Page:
</p While I agree there is more then one factor determining penetration, I'll disagree and say that bullet weight is a pretty important factor. Check out this link from the Nosler website specifically on bullet weight. http://www.nosler.com/articles/2011/05/05/cartridge-components-part-iv-b...

I, due to not being ready with another rifle hunted last year with my 243 when I killed my eastern plains bull. I didn't feel real confident truth be told toting that as I've learned a variety of shots can be expected from close to long and any angle. When we called my bull in we spotted him at around 600 yards and I thought 'oh crap I'm in trouble with this 243'. My bud said here use my 270 which was loaded with 150 gr bullets which I had shot as well before our hunt and knew where it was hitting. When the bull popped up at about 130 yds straight on facing us I hit him in the chest, missed one, then hit him again in the shoulder as he turned. Both shots that hit penetrated well and killed him. I don't know if the 100 gr 6mm bullets would have. He dropped within 30 yards of where he was hit in nasty rugged canyon country. Again I don't know how far he could of gone with that 243.

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in europe

ndemiter wrote:

why not? it's a caliber that has killed most of the animals on this planet. keep in mind that the single guy who's probably killed more elephant than anyone else who has EVER lived did it with a 7x57. and for the time, it was a 175 grain bullet at 2400 fps, as modern as the could get. you can load a 125 grain bullet at 2900 fps and do just as good or better.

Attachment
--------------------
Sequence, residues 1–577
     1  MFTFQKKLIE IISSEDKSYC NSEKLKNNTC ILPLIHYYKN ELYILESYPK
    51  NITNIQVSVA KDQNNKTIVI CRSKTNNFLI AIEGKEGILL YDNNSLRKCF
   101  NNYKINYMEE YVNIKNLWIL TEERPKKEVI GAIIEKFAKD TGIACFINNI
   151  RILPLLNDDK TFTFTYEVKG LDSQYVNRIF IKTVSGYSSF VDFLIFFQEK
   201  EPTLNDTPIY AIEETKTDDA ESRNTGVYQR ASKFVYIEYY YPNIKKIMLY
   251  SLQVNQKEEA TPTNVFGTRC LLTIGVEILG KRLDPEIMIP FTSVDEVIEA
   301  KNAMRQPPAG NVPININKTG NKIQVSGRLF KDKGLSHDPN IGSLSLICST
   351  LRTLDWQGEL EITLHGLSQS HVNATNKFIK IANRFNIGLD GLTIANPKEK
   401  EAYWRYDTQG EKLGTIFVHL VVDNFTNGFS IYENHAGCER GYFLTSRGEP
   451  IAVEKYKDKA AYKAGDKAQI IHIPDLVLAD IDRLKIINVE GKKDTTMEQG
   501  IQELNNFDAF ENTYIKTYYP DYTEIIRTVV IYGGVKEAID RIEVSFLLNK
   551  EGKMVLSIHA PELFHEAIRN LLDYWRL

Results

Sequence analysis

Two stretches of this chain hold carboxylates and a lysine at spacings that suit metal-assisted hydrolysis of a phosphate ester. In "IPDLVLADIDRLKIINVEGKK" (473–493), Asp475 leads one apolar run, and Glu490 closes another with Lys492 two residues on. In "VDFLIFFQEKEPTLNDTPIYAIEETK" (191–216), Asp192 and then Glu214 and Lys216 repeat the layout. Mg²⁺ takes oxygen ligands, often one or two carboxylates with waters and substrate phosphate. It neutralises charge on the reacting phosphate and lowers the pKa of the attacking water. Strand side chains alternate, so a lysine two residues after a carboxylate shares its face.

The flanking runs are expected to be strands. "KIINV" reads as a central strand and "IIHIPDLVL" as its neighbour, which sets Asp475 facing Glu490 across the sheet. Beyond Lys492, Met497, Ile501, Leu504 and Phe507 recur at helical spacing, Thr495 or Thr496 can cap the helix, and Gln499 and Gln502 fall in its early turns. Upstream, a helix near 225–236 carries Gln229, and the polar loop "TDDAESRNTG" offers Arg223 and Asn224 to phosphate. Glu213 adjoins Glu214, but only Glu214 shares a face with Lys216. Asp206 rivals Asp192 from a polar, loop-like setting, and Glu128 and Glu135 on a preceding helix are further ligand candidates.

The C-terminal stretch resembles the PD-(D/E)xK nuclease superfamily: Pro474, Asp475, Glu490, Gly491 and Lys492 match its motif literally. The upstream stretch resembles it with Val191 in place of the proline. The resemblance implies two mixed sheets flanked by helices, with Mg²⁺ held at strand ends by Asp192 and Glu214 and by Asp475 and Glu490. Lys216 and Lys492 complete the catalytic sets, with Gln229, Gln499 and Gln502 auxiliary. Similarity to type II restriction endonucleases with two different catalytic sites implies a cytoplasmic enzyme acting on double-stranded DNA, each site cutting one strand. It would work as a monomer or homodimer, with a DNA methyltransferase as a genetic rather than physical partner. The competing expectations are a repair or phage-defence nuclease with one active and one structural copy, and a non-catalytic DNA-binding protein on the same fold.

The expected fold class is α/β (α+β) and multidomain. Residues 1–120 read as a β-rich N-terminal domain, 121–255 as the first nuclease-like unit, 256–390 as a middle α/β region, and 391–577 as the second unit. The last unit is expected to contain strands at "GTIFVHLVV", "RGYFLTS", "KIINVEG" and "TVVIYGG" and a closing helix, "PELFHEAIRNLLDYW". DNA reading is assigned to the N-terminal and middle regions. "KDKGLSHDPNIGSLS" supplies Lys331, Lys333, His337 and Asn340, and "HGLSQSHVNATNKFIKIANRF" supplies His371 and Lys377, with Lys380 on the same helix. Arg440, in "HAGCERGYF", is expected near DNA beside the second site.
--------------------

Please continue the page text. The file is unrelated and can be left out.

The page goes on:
25-06 will not give you the assurance of excessive damage if you have a poor hit, but if you hit what you want to hit, it's over kill. If you hit the chest of the animal, it is more than enough to do the job.

Yeah, also keep in mind that in northern Europe it's quite common for hunters to take moose and reindeer with a 6.5x55 Swed Muser, and 7x57mm Mauser as well. They do it all the time and have done so for decades.

I think the opinion that larger calibers give you more options is a valid point and perhaps that's why so many biggame hunters here like the larger 30+ caliber cartridges.

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The Swede shoots a 140gr

The Swede shoots up to a 160gr bullet, and I hear their moose are smaller than our elk.

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europe

Still Hunter wrote:

The Swede shoots up to a 160gr bullet, and I hear their moose are smaller than our elk.

Moose may generally be referred to in Europe as smaller than ours here in N America, but they're not all that much smaller.  The size numbers I've read still paint a picture of an animal standing roughly 6 ft at the shoulders weighing 900 lbs to 1100 lbs, that's a bit larger than most average Rocky Mountain Elk here in the west.  In fact Moose are known as and called Elk in Europe. 

If those 6.5MM cartriges can down those European Moose, what makes anyone think that those cartridges can't cleanly take an average Rocky Mountain elk here.  Their reindeer in Europe are generally the same sizes as our caribu up in Alaska.  European Stags generally are about the size of our elk or rival the sizes of some of our larger mules deer. As was said before, those larger 30+ caliber magnums give you more options, but I'm a firm believer that you still have to make selective shots regardless of how big a gun you use.